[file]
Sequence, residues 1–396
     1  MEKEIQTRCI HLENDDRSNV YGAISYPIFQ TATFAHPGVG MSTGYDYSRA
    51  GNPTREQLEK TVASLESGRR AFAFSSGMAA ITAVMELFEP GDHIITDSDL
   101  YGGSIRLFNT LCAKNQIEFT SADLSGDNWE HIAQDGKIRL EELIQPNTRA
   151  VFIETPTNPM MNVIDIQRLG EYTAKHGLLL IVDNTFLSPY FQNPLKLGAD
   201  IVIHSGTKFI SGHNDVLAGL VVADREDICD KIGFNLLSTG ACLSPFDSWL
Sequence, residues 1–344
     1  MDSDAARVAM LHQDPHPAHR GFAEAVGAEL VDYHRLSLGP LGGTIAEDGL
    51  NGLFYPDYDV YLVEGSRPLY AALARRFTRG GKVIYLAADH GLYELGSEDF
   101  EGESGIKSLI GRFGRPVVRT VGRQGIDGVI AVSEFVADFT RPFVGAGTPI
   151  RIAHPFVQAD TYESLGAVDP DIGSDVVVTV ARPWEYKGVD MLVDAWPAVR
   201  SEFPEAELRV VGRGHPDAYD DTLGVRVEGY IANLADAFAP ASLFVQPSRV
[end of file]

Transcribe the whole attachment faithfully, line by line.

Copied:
Sequence, residues 1–396
     1  MEKEIQTRCI HLENDDRSNV YGAISYPIFQ TATFAHPGVG MSTGYDYSRA
    51  GNPTREQLEK TVASLESGRR AFAFSSGMAA ITAVMELFEP GDHIITDSDL
   101  YGGSIRLFNT LCAKNQIEFT SADLSGDNWE HIAQDGKIRL EELIQPNTRA
   151  VFIETPTNPM MNVIDIQRLG EYTAKHGLLL IVDNTFLSPY FQNPLKLGAD
   201  IVIHSGTKFI SGHNDVLAGL VVADREDICD KIGFNLLSTG ACLSPFDSWL
Sequence, residues 1–344
     1  MDSDAARVAM LHQDPHPAHR GFAEAVGAEL VDYHRLSLGP LGGTIAEDGL
    51  NGLFYPDYDV YLVEGSRPLY AALARRFTRG GKVIYLAADH GLYELGSEDF
   101  EGESGIKSLI GRFGRPVVRT VGRQGIDGVI AVSEFVADFT RPFVGAGTPI
   151  RIAHPFVQAD TYESLGAVDP DIGSDVVVTV ARPWEYKGVD MLVDAWPAVR
   201  SEFPEAELRV VGRGHPDAYD DTLGVRVEGY IANLADAFAP ASLFVQPSRV